Why is this not pass-by-reference? Yes, you can modify the object that is pointed to by the reference, and someone else with a reference to the same object will see it; but that is irrelevant. The real thing that you are passing -- the reference -- you cannot somehow modify the caller's copy of. So this is what I consider the defining characteristic of pass-by-reference. If you pass a variable as an argument to a function. And that function is somehow able to effectively perform an assignment to that variable (if the variable is a reference, then this means changing the reference so it points to a different (distinct) object, not modifying the object it points to) as if the assignment was made in the caller. <lang> a = somevalue func(a) // it had the same effect as if you did // a = someothervalue </lang>

Under this definition, then, languages like Python and Ruby are also pass-by-value only. In those languages, all values are what Java would call "references" -- different variables can share views of the same object, and variables can be changed to point to different objects without affecting the object it pointed to. And when you pass them, you get the same situation as references in Java. You can still modify the object that the reference points to -- which is shared with the reference passed in -- but you cannot change the caller's reference itself. So you always pass references, by value.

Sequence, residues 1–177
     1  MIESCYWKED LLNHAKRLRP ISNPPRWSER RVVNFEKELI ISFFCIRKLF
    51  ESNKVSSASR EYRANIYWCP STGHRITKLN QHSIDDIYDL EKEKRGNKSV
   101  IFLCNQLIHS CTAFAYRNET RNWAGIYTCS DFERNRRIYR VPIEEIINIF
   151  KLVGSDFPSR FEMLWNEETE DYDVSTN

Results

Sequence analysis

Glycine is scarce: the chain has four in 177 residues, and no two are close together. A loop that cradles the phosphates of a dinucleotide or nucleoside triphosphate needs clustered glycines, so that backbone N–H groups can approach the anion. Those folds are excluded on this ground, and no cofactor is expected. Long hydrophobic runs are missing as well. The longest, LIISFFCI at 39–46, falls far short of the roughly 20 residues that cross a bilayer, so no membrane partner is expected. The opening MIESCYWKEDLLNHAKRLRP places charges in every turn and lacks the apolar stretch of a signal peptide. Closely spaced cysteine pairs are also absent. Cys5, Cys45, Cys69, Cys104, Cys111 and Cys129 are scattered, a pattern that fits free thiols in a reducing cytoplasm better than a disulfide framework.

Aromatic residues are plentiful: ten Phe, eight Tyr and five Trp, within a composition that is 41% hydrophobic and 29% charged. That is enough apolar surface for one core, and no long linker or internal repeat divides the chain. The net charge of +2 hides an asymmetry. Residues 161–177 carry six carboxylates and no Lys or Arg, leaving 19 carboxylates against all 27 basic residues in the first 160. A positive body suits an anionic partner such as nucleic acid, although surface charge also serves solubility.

C is also pass-by-value only for the same reason. You can pass pointers by value, but that does not count as pass-by-reference. To have a function be able to modify one of your variables, you have to explicitly take the address of it. C++ and PHP's "references" (different from Java's references above), however, do allow pass-by-reference. You just need to declare a parameter of the function to be a reference (with the "&" symbol), and it allows you to modify the caller's variable. The calling code looks just like they are passing a variable; they do not have to explicitly take the address or anything like that, even if that is what the compiler does behind the scenes.